Homeland Security Standardizing Tech to Fight Counterfeiting and Forgery

The Department of Homeland Security has invested $143,000 into developing a compatibility standard for the division’s different blockchain and data formats spread across the agency. Danube Tech GmbH was awarded the contract to create a standard the division could roll out to all of its innovation centers. The aim of these technological innovations is primarily to aid in the agency’s ability to deal with counterfeiting and forgery.

Cross-Departmental Standards Needed

The press release states that US Citizenship and Immigration Services, Transport Security Administration, and US Customs and Border Protection all have data that can be secured through the use of a blockchain. These agencies are the administrators for data, including supply chain security, immigration status, and employment eligibility across the US. By using a blockchain, agencies can issue digital credentials which would be practically impossible to duplicate or forge.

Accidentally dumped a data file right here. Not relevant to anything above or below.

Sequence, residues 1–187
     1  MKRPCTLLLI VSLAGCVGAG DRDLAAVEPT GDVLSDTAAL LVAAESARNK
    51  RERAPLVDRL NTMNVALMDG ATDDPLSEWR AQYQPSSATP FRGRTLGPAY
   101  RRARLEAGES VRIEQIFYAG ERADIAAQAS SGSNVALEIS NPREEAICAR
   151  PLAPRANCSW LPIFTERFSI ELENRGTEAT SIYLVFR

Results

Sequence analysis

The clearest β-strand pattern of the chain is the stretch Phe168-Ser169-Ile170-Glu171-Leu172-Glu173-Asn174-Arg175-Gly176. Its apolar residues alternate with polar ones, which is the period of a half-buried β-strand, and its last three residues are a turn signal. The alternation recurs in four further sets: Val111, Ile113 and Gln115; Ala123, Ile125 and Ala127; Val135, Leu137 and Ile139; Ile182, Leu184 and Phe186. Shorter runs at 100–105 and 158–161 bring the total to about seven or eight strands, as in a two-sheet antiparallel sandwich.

The current DHS systems have heavy paper-usage and are outdated compared with methods used by other enforcement agencies. Danube Tech has the task of developing a system that integrates the blockchain capabilities and other data collection and storage systems from these departments unto something the DHS can use through an embedded API. The aim is to have a system that the DHS and all the issuing agencies can use to verify issues licenses or credentials.

Blockchain For Data Security

The system of distributed ledgering that the blockchain system is built upon is useful for issuing expirable credentials. Blockchains support something called a ‘smart contract’ that allows the automatic revocation of a license after a certain time arrives and prerequisites to renew the credentials are not met. Thanks to the use of multiple nodes to keep the data current, it is nearly impossible for a malicious user to manipulate the data. Since these nodes will be spread around numerous agencies, the difficulty increases exponentially. The DHS is finally catching up the twenty-first century in a big way by pushing for the adoption of this emergent technology.

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